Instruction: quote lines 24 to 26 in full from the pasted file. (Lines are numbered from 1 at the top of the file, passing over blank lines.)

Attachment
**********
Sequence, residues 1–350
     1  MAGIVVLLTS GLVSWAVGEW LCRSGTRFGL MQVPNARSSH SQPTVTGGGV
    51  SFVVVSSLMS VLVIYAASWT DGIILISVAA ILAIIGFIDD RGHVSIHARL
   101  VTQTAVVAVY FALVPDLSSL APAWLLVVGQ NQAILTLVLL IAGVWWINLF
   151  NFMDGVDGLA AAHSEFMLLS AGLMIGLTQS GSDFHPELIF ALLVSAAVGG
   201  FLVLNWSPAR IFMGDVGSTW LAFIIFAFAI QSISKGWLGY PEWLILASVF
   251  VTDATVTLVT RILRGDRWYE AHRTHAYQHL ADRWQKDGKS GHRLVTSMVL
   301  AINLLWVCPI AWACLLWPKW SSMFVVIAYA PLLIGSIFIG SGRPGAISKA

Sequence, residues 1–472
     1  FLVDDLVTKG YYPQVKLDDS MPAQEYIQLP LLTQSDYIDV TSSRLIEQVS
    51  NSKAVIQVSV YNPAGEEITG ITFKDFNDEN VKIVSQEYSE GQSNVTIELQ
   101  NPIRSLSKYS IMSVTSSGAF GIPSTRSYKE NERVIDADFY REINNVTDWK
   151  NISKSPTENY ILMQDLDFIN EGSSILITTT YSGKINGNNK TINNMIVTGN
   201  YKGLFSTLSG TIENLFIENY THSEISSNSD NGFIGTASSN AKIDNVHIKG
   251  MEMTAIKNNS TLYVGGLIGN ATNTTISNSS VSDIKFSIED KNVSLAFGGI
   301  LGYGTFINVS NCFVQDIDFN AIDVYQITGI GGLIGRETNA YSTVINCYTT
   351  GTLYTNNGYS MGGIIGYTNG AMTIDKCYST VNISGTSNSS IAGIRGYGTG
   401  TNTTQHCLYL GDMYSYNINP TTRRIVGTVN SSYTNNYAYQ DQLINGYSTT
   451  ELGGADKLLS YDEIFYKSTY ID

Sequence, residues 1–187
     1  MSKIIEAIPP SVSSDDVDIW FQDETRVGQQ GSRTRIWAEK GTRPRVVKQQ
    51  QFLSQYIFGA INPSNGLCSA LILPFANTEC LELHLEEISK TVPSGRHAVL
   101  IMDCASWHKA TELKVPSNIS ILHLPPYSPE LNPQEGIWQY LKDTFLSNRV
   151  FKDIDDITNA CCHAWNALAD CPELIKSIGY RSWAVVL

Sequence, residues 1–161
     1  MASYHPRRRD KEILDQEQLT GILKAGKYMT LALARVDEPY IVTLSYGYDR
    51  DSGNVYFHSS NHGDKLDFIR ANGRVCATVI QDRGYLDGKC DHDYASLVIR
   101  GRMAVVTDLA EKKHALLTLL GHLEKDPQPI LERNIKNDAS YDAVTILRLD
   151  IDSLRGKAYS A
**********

   151  FKDIDDITNA CCHAWNALAD CPELIKSIGY RSWAVVL

Sequence, residues 1–161
     1  MASYHPRRRD KEILDQEQLT GILKAGKYMT LALARVDEPY IVTLSYGYDR